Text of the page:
Like Him Or Not, Rudy Will Be There

07 February 2013

EUROBASKET 2013

MVP of the EuroCup Final Four 2006: Rudy Fernandez (DKV Joventut Badalona)
Rudy Fernandez led Joventut Badalona to the EuroChallenge title in 2006, being voted MVP of the Final Four

By Dimitris Kontos

Even in 10 years from now, when Rudy Fernandez will have (probably) hung up his basketball sneakers, two main notions will still persevere in the collective mind of Spanish and European fans whenever his name is mentioned.

On the one hand, it's not a secret that the Spaniard has been a player whom, as the cliché goes, fans 'either love, or love to hate' for almost a decade.

"They say that I am cocky on the court," Fernandez admitted in a recent interview in Spanish magazine Gigantes del Basket, when asked about his public image.

"And I would say they are right."

On the other, even his sworn detractors will not be able to deny that he has been one of the most talented and charismatic all-round players to have ever graced the game.

He still is, in fact. Fernandez seems to have been around for ever, but he is still a couple of months shy of his 28th birthday.

The winger erupted onto the big scene in the 2004 Copa del Rey, stealing the show and leaving millions of spectators in awe as he walked away with MVP honours at the age of 18, despite the fact that Joventut Badalona lost in the final.

He then led the historic Catalan club to the 2006 EuroChallenge title, and a Eurocup and Copa del Rey double in 2008, before embarking on his NBA adventure.

Fernandez returns to the Spanish cup competition on Thursday, this time in a Real Madrid jersey, chasing a second title in this competition in a season when Pablo Laso's team aspires to a Liga Endesa, Copa del Rey and Turkish Airlines Euroleague treble.

He has not won as much as it would be normal for a player of his calibre on club level.

However, he has been an integral member of the golden generation of Spain ever since his break-out season and has played for the senior national team uninterruptedly since the 2004 Olympics in Athens.

He confirmed to FIBAEurope.com that he has no intention of breaking the tradition.

"I've been on this team [Spain] for almost nine years now," he said.

"If my back does not hurt and I finish the season feeling well, it's clear that I would like to be with the national team at the EuroBasket."

Fernandez has been dealing with a lingering back injury for the last few years, and he has had to adapt to a certain degree of uncertainty.

He sat out Real's league game at the weekend, a 94-74 victory at Uxue Bilbao, in order not to aggravate his back problem ahead of the Copa del Rey.

"It's true that there are times in the summer that you feel you need to rest," he admitted.

"But at the end of the day, you are there [when away with Spain] also with your family, so it becomes quite accessible to train with them [Spain team-mates].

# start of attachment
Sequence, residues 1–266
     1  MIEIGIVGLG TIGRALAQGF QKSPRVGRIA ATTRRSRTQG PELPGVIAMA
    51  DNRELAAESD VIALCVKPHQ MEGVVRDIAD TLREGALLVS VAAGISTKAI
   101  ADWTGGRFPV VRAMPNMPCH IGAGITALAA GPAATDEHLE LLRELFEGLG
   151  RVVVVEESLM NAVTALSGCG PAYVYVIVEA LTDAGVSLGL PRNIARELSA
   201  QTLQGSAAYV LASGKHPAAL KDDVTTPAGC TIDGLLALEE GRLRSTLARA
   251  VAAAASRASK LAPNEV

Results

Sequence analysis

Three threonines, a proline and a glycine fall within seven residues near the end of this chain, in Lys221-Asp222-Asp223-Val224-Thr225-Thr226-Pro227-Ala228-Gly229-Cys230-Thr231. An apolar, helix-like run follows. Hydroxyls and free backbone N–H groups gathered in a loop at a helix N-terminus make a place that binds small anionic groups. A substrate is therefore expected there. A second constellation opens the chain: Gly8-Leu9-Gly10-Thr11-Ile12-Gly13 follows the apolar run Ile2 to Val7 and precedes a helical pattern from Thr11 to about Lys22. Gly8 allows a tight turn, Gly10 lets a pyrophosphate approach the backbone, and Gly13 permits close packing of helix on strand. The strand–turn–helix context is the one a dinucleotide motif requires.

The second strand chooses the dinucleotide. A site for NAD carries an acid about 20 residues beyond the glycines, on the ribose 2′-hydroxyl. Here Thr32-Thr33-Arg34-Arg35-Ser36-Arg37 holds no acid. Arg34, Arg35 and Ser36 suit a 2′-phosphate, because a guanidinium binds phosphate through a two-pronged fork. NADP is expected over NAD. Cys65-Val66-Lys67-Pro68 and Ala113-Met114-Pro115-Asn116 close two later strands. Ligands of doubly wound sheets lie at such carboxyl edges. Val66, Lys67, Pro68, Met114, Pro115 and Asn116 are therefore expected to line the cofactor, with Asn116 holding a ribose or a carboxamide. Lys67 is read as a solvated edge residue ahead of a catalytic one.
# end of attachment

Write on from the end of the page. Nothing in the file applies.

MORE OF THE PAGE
5. Rudy Fernandez (Spain)
Fernandez is a constant on the Spanish national team, having first suited up for his country at the U16 European Championship in 2001

SPAIN WILL KEEP DOING THEIR THING

Spain were drawn in EuroBasket First Round Group C, together with hosts Slovenia, Croatia, Poland, Georgia and the Czech Republic.

"They are all good national teams and anyway, when you go to a EuroBasket all opponents are strong," is the Real Madrid star's assessment.

"Besides, in this case Slovenia is the host nation, so they want to win a medal at home."

If Fernandez's health allows him to be on the plane to Slovenia, he is by now such an old hand at EuroBaskets that he knows exactly what the drill will be.

"We will have some changes or difficulties on our side, we will probably have to deal with some absences [of players], we've had a change of coach," he asserts.

"But within this context, we will try to continue in the same direction we have taken in the last years and have a good EuroBasket, as we have done all these years."

On the subject of absences, Spanish media have all but announced that at least five top players will not play at the EuroBasket and the team will be far from the super-power of years past.

Some have gone as far as to say that it will just be a bummer for whoever new coach Juan Orenga convinces to travel to Slovenia.

Fernandez is aware of all this and he is just shrugging it off.

"I don't think it's a drag, but for sure we cannot go relaxed, especially with all these good teams around," he said.

"We'll see in time what our roster will be and we'll try to make the most of it, there is no doubt."

Why bother though? Why not take the summer off, whether his back is fine or not?

"The motivation [to play for Spain] is always the same, to keep on growing as a team, to keep making history in a way," the winger explains.

Just as it happens with Fernandez on a personal level, there are some fans around Europe who love to demonise Spain, as if they were the evil empire.

"For sure the titles are there and speak for themselves, everyone wants to play against the Spanish national team," Fernandez acknowledges.

"But, from our side, the one thing that we always try to do is to prove worthy of the jersey we are wearing and take the country we represent as high as possible.

"I think our strong point is that we continue with the same humility as ever."

It is hard to imagine there is a basketball fan that would not like to watch the charismatic Spaniard play in the big event in Slovenia, in what will be his fifth consecutive EuroBasket, whether they are among those who find him cocky or not.

Whether friend or foe, everyone must really wish his back lets him do so.


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